José Atienza, the environment secretary, said mayors of the 17 towns and cities that comprise Metro Manila should be sued for violating the country’s law on proper waste disposal. “They have allowed this pollution to happen, and that is why they have to answer for it,” Mr. Atienza said in an interview.

    The disaster and its aftermath are prompting the government to rethink its policies and programs on disaster management, said Gilbert Teodoro, the secretary of defense, who also heads the National Disaster Coordinating Council.

    “After the emotions will have subsided, we have to give an honest-to-goodness look at our systems, look at our infrastructure and determine areas where we can improve,” Mr. Teodoro said in an interview Tuesday. “There’s no choice, or people will suffer.”

    Mr. Teodoro said that one of the proposals he was supporting was legislation that would allow town and city mayors to spend more money on disaster management, rather than wait for the national government to step in.

    And because the armed services are almost always the first to get tapped to respond to disasters, there is a need to “reprioritize” a pending bill in Congress to modernize the Philippine military, he said. “The question now is, how much resources would we sacrifice that would go to capacity building in terms of disaster response?” Mr. Teodoro said. “It’s a judgment call.”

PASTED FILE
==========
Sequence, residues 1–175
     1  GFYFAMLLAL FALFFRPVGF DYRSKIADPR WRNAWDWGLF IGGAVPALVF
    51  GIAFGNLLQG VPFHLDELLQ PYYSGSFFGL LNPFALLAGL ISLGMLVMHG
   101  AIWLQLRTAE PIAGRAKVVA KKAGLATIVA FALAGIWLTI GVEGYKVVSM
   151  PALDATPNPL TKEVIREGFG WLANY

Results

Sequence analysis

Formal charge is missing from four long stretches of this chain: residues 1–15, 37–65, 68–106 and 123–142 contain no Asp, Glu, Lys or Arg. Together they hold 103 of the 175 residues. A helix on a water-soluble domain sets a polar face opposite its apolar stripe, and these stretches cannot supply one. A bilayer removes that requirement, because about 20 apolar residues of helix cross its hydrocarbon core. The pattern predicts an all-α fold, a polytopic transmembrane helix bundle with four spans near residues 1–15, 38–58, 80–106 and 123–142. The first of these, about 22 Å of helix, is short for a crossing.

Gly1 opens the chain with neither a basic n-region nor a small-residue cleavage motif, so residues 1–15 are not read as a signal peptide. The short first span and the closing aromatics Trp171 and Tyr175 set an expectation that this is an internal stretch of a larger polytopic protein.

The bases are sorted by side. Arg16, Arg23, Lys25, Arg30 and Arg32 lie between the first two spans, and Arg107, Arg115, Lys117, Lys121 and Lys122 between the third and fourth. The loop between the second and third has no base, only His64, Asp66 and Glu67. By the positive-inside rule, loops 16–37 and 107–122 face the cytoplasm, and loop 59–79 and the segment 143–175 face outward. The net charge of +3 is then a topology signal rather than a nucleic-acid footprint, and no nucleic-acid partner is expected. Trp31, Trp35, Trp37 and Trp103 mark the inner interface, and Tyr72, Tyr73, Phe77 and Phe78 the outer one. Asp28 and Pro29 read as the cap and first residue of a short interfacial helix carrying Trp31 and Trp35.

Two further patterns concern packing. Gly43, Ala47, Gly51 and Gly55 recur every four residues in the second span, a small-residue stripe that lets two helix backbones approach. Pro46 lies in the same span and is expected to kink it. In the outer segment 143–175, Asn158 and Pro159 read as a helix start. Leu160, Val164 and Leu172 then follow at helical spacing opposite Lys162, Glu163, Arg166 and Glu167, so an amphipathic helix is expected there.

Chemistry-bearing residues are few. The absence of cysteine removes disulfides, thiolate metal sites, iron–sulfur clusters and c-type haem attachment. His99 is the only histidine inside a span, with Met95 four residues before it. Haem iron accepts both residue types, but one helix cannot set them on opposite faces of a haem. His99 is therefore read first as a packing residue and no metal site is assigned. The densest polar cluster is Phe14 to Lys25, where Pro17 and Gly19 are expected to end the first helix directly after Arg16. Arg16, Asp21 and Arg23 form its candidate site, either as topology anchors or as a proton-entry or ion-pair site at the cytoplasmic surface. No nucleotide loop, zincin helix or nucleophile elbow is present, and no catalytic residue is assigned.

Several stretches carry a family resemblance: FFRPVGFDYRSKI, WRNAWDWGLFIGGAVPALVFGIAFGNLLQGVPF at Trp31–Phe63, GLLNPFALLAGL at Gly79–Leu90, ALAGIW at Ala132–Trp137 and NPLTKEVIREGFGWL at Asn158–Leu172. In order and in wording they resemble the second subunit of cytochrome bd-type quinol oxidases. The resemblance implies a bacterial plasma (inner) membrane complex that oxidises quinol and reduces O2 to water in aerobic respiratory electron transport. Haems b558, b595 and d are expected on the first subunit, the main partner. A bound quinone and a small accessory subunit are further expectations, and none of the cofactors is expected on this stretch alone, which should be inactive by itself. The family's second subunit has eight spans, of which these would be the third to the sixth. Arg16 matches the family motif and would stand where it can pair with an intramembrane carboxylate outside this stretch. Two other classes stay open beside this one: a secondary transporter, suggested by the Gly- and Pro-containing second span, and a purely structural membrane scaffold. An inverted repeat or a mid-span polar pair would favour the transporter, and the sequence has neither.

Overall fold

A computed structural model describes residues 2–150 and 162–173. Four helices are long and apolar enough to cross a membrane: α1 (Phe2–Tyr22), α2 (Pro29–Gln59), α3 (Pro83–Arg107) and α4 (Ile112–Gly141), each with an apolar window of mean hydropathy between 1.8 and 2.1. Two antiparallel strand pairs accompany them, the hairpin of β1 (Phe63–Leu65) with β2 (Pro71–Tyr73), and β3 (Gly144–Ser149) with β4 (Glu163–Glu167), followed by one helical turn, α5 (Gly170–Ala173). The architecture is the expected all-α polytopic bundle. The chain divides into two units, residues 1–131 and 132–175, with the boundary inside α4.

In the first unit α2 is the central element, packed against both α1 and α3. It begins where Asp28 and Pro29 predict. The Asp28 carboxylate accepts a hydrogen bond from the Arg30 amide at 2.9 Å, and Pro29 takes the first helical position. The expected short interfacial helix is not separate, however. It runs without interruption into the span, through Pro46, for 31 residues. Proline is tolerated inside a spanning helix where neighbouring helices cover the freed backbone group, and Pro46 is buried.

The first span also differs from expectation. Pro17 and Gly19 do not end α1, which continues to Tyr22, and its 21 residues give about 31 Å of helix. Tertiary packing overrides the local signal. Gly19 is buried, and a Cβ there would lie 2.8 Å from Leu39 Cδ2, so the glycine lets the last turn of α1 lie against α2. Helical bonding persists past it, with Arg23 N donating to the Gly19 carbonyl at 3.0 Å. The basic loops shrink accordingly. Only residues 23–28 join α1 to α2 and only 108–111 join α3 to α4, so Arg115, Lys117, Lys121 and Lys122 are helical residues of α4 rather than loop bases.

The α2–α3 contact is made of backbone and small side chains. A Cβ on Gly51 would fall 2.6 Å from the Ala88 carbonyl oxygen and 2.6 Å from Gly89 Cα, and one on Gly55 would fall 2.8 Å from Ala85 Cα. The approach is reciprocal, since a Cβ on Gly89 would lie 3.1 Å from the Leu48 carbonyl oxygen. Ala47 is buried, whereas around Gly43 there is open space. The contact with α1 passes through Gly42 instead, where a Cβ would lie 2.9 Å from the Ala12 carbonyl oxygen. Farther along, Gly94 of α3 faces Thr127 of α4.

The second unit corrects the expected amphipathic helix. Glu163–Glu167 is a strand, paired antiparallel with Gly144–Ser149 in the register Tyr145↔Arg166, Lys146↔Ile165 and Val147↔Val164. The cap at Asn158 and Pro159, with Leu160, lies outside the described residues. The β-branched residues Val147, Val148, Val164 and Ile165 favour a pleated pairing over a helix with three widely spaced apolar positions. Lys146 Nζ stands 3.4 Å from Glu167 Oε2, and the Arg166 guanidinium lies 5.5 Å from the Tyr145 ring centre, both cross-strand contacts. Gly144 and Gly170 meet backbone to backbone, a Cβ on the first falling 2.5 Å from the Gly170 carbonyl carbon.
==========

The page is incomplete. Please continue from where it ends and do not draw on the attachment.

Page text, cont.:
Copyright 2009 The New York Times Company

  4. terres said

    Storm lingers after killing 16 in Philippines

    By JIM GOMEZ (AP) – 2 hours ago

    MANILA, Philippines — Typhoon Parma weakened into a tropical storm that lingered off the Philippine coast Monday, drenching northern provinces as well as Taiwan after killing 16 people and causing widespread flooding and landslides.

    Chief government forecaster Nathaniel Cruz said Parma headed northwest into the South China Sea after passing over the Philippines, which is still reeling from an earlier storm that killed almost 300 people. Parma was now almost still because Typhoon Melor, which was approaching from the west, was pulling it back toward the coast.